Mary BAILEY, Plaintiff–Appellee, v. BLUE CROSS & BLUE SHIELD OF VIRGINIA, Defendant–Appellant.
Insurer Blue Cross/Blue Shield of Virginia (“Blue Cross”) challenges the district court's grant of summary judgment in favor of one of its policyholders, Mary Bailey. Bailey, who has breast cancer, seeks coverage for high dose chemotherapy that she claims is necessary to treat her condition. Blue Cross contends that it has no obligation to pay for the procedure, because it is excluded under Bailey's policy. We find that Bailey is entitled to coverage as a matter of law and, therefore, affirm the district court's grant of summary judgment.
Mary Bailey, who suffers from stage IV breast cancer, has health insurance with Blue Cross through her husband's company, Bailey Enterprises. In June 1994, Bailey sought coverage for a procedure to treat her breast cancer known as high dose chemotherapy with peripheral stem cell rescue (“HDC/PSCR”), which her doctor recommended as offering her the best chance for survival.* In summary, high doses of chemotherapy are considered more effective in killing cancer cells, and thus can be used to treat breast cancer. Unfortunately, in addition to killing malignant cells, the treatment also kills healthy white blood cells in the patient's blood stream and bone marrow, leaving her susceptible to deadly infections. To combat this problem, doctors have developed procedures in which a patient's “peripheral stem cells” are harvested prior to the administration of high dose chemotherapy or radiation. After the body is flooded with cancer-killing agents, the healthy cells are reinfused into the body to protect the patient against disease.
Blue Cross denied Bailey's request to fund the treatment described above, claiming that her policy excluded it. The insurer based its denial on an amendment to Bailey's policy that stated: “Autologous bone marrow transplants or other forms of stem cell rescue (in which the patient is the donor) with high dose chemotherapy or radiation are not covered.” Joint Appendix at 180. Thereafter, the policy lists several exceptions, immediately followed by the disclaimer: “Autologous bone marrow transplants or other forms of stem cell rescue (with high dose chemotherapy and/or radiation), for all other cases are not covered. These include but are not limited to the following: ․ Breast cancer․” Id. at 181. Blue Cross also relied on section VI(B) of the policy, which declares: “[T]he extent to which a Covered Person is entitled to benefits under the Policy shall be determined by the Company in its sole discretion.” Id. at 294.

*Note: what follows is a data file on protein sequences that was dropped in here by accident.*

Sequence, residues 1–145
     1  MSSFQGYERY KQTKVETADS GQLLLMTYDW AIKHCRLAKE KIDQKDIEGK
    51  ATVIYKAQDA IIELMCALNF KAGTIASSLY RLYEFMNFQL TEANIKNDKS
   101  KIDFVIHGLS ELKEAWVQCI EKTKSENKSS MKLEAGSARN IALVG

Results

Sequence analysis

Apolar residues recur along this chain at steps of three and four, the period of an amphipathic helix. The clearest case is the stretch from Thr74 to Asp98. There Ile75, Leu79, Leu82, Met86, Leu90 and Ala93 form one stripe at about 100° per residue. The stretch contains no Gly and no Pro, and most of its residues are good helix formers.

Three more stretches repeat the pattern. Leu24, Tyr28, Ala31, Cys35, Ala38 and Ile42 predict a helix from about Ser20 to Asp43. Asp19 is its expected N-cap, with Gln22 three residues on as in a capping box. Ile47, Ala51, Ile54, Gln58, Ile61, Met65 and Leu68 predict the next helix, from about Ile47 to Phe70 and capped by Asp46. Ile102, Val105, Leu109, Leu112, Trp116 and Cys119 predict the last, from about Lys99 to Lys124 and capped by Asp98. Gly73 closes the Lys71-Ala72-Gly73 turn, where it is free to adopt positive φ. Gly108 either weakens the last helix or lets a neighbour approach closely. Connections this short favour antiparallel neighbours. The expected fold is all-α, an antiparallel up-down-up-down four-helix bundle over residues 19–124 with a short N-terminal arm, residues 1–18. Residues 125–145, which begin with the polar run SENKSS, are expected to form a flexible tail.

Conceding that the policy provisions above exclude the peripheral stem cell rescue (“PSCR”) portion of her treatment, Bailey contends that high dose chemotherapy is included, since chemotherapy is listed under the policy's definition of covered therapy services:
These are the following services or supplies ordered by a provider used to treat or promote recovery from an illness or injury ․ (2) chemotherapy. the treatment of malignant disease by chemical or biological neoplastic agents. Oral chemotherapy is covered only if a drug used requires a physician's written prescription to obtain.
Id. at 158; see also id. at 164–66 (stating that the referenced “outpatient therapy services” are covered).
On September 13, 1994, Bailey filed suit in the United States District Court for the Eastern District of Virginia. On September 28, the district court granted Bailey's motion for a preliminary injunction prohibiting Blue Cross from denying payment for the treatment she had requested. Id. at 328–42. The parties then filed cross-motions for summary judgment. On October 31, the district court granted Bailey's motion and denied that of Blue Cross. The court found that the policy was ambiguous as it related to coverage for high dose chemotherapy:
Defendants did not clearly exclude the HDC which if[sic] finds was specifically provided for elsewhere in the Policy, and as such the ambiguous clause is construed against the insurer. The Court makes this finding in light of the deference to be accorded to the administrator of the Policy under the facts of this case.
Id. at 373.
Blue Cross filed timely notice of appeal to this court. As this is an action under the Employee Retirement Income Security Act (“ERISA”), 29 U.S.C. § 1001 et seq., the district court possessed subject matter jurisdiction pursuant to 29 U.S.C. § 1132. Appellate jurisdiction is proper under the authority of 28 U.S.C. § 1291.
We review de novo the district court's grant of summary judgment. Ramos v. Southern Md. Elec. Coop., 996 F.2d 52, 53 (4th Cir.1993). In a contractual matter such as this, “[w]here a case turns simply upon a reading of the document itself, there is no reason to believe that a district court is in any better position to decide the issue than is an appellate court,” and we therefore exercise plenary review over the lower court's interpretation of the contract. Hendricks, 39 F.3d at 512. Under Rule 56(c) of the Federal Rules of Civil Procedure, summary judgment is appropriate if “there is no genuine issue as to any material fact and ․ the moving party is entitled to a judgment as a matter of law.” Fed.R.Civ.P. 56(c); see Miller v. Federal Deposit Ins. Corp., 906 F.2d 972, 974 (4th Cir.1990). In making this determination, we must view the evidence in the light most favorable to the non-moving party, granting that party the benefit of all reasonable inferences. Matsushita Elec. Indus. Co. v. Zenith Radio Corp., 475 U.S. 574, 587, 106 S.Ct. 1348, 1356, 89 L.Ed.2d 538 (1986); Conkwright v. Westinghouse Elec. Corp., 933 F.2d 231, 233 (4th Cir.1991). “If, however, ‘the evidence is so one-sided that one party must prevail as a matter of law,’ we must affirm the grant of summary judgment in that party's favor.” O'Connor v. Consolidated Coin Caterers Corp., 56 F.3d 542, 545 (4th Cir.1995) (quoting Anderson v. Liberty Lobby, Inc., 477 U.S. 242, 251–52, 106 S.Ct. 2505, 2511–12, 91 L.Ed.2d 202 (1986)).